Don’t try to jump outside your comfort zone, you will likely become overwhelmed and jump right back in.

Take small steps toward the fear you are trying to overcome. If you want to do public speaking, start by taking every opportunity to speak to small groups of people. You can even practice with family and friends.

Take a look at this article on how you can start taking baby steps:

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The Number One Secret to Life Success: Baby Steps

6. Hang out with risk takers

There is no substitute for this step. If you want to become better at something, you must start hanging out with the people who are doing what you want to do and start emulating them. (Here’re 8 Reasons Why Risk Takers Are More Likely To Be Successful).

Almost inevitably, their influence will start have an effect on your behavior.

7. Be honest with yourself when you are trying to make excuses

Don’t say “Oh, I just don’t have the time for this right now.” Instead, be honest and say “I am afraid to do this.”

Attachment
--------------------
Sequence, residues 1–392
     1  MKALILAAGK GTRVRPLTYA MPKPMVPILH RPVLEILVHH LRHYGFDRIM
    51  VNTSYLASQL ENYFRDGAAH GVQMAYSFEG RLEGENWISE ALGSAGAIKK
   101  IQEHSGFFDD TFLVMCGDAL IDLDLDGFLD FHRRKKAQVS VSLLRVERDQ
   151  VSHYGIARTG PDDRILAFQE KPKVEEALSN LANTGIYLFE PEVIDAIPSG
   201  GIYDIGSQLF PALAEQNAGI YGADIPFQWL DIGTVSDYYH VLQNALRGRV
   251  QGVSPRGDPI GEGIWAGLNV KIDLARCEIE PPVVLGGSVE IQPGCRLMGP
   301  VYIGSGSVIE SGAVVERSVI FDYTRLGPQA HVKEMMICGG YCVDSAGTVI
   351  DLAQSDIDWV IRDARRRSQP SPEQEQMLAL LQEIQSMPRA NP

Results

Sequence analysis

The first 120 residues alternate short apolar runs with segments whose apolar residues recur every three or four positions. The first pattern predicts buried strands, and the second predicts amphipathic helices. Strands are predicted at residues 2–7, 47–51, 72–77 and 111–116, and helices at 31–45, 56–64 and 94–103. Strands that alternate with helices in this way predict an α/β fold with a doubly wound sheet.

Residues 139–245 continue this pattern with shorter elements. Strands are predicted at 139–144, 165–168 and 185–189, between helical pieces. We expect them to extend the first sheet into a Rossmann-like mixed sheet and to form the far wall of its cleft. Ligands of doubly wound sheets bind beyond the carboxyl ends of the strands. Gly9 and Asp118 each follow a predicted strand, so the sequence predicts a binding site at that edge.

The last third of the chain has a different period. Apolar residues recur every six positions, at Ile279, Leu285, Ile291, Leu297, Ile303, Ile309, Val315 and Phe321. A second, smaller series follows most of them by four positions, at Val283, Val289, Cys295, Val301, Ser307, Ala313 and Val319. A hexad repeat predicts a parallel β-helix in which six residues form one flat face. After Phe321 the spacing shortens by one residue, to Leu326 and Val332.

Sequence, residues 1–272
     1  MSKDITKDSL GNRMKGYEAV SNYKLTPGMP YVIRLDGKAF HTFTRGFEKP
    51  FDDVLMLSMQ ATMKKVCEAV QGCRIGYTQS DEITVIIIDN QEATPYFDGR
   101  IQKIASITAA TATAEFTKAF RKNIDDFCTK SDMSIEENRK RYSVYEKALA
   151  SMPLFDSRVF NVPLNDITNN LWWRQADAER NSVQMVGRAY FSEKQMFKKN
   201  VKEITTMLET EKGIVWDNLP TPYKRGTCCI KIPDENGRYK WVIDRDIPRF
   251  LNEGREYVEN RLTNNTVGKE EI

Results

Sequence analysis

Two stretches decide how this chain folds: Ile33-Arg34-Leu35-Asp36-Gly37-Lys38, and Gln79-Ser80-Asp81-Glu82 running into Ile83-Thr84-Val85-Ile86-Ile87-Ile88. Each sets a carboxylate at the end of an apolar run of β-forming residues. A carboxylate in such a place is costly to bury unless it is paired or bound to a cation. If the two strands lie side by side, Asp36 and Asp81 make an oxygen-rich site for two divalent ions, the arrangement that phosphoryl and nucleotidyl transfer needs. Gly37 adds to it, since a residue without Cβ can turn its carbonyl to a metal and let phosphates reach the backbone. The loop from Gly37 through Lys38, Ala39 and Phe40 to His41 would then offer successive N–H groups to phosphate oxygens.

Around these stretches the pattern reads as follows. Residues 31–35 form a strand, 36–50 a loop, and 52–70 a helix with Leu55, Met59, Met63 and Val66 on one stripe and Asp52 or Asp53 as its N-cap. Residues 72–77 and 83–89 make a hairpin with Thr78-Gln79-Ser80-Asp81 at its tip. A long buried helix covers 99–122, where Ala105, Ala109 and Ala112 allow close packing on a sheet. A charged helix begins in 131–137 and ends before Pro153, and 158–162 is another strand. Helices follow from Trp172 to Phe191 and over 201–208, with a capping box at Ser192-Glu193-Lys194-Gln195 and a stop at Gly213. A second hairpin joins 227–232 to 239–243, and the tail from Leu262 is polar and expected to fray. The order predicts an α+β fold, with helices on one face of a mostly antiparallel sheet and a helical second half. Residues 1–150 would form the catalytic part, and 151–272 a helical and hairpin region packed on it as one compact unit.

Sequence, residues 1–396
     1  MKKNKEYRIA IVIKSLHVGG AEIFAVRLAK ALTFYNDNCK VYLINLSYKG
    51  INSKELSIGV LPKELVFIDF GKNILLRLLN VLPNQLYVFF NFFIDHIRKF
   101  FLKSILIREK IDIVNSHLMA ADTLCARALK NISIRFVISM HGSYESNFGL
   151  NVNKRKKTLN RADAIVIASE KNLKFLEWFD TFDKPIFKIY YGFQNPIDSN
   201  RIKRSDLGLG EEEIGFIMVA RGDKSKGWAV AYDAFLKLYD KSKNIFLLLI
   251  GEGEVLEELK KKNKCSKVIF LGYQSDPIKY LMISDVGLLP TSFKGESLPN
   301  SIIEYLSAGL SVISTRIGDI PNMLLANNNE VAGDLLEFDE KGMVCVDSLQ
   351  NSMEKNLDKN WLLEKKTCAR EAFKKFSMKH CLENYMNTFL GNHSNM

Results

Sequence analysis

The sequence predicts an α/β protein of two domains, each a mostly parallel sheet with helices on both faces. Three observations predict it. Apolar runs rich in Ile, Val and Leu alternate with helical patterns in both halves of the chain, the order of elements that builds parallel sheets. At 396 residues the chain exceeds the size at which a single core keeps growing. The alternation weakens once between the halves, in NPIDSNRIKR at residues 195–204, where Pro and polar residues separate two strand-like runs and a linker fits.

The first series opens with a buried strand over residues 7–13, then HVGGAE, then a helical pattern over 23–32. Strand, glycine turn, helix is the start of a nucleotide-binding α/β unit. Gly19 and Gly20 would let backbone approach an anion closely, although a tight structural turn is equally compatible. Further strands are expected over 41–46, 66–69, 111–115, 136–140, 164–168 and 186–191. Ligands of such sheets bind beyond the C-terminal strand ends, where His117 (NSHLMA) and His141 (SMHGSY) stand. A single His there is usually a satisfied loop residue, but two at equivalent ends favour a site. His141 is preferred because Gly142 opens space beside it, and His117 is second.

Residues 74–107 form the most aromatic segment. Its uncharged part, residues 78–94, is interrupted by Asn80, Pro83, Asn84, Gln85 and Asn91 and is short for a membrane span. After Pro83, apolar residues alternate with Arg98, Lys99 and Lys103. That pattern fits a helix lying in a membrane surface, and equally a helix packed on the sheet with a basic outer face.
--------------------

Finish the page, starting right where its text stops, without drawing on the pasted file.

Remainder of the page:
Don’t make excuses, just be honest. You will be in a better place to confront what is truly bothering you and increase your chance of moving forward.

8. Identify how stepping out will benefit you

What will the ability to engage in public speaking do for your personal and professional growth? Keep these potential benefits in mind as motivations to push through fear.

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9. Don’t take yourself too seriously

Learn to laugh at yourself when you make mistakes. Risk taking will inevitably involve failure and setbacks that will sometimes make you look foolish to others. Be happy to roll with the punches when others poke fun.

If you aren’t convinced yet, check out these 6 Reasons Not to Take Life So Seriously.

10. Focus on the fun

Enjoy the process of stepping outside your safe boundaries. Enjoy the fun of discovering things about yourself that you may not have been aware of previously.

Featured photo credit: Unsplash via unsplash.com